Maurice Ellis, his wife Caroline Leslie-Ellis, and their daughter, Amara, immigrated to Ontario, Canada from Jamaica to create a better life for their family.  Maurice works two jobs to support his family and put his wife through college. Caroline has earned top marks in the hospitality and tourism management program at Fanshawe College, but the expenses are tough for the family to manage.

Shortly after they moved to Ontario, in an effort to become a part of their new community, Maurice joined Dad Club London, a club for fathers and pending fathers, where they can network with other like-minded dads, give and receive help, and become more involved in their community.  One day, Dad Club London founder and president, Jeremy McCall, posted a Black Lives Matter message on the group’s Facebook page that started a conversation, and Maurice admitted that he was the target of a number of racial slurs at his second workplace.

McCall didn’t just commiserate or offer words of sympathy … he leapt into action to show the Ellis family that those who directed racial comments at Maurice were not representative of their community.  He organized a secret fundraiser to show Ellis and his family how much the community supported them.

Contributions came in from the local police union, 70 families, and numerous businesses. The group was able to raise nearly $7,000, and McCall arranged a get-together last month to surprise the family.

First, their daughter Amara was given a gift—the biggest LEGO set the club could find, and then Maurice was given a prepaid Mastercard to help with family living expenses. Finally, smiles turned to disbelief when Caroline unfolded the check for her college tuition.  Said McCall to the gathered ensemble …

“What happened to you doesn’t represent this community. We don’t stand for that. When you said, ‘I guess that’s the way the world is,’ it broke our hearts because it can’t be that way, and we won’t let it … We, together, stand as a community against racism.”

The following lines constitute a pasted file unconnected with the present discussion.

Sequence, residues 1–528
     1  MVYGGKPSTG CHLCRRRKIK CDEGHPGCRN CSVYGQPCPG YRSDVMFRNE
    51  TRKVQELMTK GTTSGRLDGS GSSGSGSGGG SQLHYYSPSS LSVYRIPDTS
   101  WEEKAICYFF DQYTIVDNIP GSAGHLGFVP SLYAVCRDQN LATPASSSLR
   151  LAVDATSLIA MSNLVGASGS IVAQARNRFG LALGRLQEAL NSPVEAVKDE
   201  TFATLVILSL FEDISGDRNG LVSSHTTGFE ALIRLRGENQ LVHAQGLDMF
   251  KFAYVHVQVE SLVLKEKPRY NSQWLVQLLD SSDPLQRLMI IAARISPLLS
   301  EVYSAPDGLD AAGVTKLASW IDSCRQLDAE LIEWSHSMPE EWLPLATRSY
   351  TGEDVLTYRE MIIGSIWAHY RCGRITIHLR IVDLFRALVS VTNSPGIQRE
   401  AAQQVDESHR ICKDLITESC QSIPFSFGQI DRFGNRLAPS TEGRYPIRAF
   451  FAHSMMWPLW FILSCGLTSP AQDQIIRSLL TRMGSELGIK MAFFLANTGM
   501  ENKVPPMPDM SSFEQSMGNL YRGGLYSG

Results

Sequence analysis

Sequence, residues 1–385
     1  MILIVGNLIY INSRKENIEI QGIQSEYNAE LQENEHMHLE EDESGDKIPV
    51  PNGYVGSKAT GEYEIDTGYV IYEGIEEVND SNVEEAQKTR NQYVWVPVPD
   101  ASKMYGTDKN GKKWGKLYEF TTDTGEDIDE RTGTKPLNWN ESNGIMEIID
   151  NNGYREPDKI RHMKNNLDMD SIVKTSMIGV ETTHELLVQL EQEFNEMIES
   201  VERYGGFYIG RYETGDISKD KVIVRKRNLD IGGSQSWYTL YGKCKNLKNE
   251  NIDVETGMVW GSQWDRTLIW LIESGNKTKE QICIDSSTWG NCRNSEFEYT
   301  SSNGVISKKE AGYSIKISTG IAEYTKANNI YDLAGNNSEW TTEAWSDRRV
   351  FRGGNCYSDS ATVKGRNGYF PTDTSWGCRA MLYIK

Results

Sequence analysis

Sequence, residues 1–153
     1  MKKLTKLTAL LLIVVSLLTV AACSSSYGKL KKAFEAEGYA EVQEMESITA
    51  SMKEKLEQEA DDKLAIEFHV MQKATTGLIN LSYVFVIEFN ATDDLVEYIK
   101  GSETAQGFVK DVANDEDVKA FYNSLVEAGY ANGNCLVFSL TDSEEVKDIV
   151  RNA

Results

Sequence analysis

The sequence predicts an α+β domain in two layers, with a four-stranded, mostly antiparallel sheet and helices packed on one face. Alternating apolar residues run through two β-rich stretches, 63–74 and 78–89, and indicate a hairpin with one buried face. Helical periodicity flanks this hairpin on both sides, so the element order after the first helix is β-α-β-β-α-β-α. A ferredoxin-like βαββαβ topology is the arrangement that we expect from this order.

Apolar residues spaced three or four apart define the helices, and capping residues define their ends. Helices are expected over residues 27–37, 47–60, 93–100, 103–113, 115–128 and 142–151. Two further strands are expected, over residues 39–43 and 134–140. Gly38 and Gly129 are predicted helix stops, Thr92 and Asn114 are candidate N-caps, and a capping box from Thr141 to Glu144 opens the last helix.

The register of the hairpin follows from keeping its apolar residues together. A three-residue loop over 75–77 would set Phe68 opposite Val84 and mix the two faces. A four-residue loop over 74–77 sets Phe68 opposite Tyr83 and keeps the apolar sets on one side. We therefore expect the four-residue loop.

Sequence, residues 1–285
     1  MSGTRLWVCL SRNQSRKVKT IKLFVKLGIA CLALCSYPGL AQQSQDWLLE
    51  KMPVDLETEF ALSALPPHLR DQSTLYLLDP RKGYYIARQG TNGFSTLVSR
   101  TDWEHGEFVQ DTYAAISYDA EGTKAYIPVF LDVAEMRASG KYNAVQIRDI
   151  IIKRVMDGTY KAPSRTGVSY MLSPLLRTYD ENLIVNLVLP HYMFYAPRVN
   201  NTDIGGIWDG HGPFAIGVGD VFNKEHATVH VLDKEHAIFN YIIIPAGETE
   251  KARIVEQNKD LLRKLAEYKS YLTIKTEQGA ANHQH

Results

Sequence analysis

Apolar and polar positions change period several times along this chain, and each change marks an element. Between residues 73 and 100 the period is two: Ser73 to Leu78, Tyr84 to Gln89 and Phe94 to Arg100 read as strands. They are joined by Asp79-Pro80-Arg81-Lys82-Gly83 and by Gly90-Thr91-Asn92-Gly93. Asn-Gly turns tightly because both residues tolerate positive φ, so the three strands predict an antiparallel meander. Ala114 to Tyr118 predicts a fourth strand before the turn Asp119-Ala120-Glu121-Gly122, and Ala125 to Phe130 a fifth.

maurice-caroline-ellisNeedless to say, there was no shortage of tears all around.  What good people, yes?


good-people

35 thoughts on “Good People Doing Good Things … This ‘N That

  1. Pingback: Good People Doing Good Things … This ‘N That – Karen O'Brien Country Music

  2. I always look for your Good People Doing Good Things – even if I’ve missed a day on the computer. I’m thankful I did today, so I could read about Ontario folks (I’m not far from London and Amherstburg). In these terrible times, it’s necessary to be reminded of the wonderful people there are! Thanks again, Jill!

    Liked by 1 person

    • You brought a smile to my face with your words, my friend! I always try to put extra effort into the good people posts, for these days they are more important than ever to remind us that there are such people out there. It does my heart good to know they are appreciated! Thank YOU!

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  3. A fine group of Good People! The story of the Good People in Ontario, Canada prompted me to share a story of my own. Tomorrow, July 30th, is the third “Share A Hug Day” that was started in 2018 by a grieving husband and father. This came about from the July 30, 2017 tragedy that forever changed the life of Mike Bundritt of Amhertsburg in Ontario, Canada. Mike’s family was returning from a summer camping trip in their GMC Sierra pickup truck that was towing a 16-foot RV. They were hit by a tractor trailer through the inattention of the driver. Mike Bundritt’s wife, Lacie, and 14 year old son, Kyle, died at the scene. Mike was seriously injured and their younger son, 12 year old Evan, was also injured. On the first anniversary Mike wanted to turn a negative into a positive. Mike said that they had always been a close family of huggers. Evan and he had been surrounded by the attention of family and friends during the past year and Mike realized that you never know what someone is going through on any particular day. He said that “Hugs are a great way to show compassion towards somebody.” So share a hug or two with those you can while you can. Thank-you!

    Liked by 2 people

    • You hit the nail on the head … if only we would look around us. Good people are everywhere … well, most everywhere … might not be any in that big white house on Pennsylvania Avenue, but elsewhere there are! 😉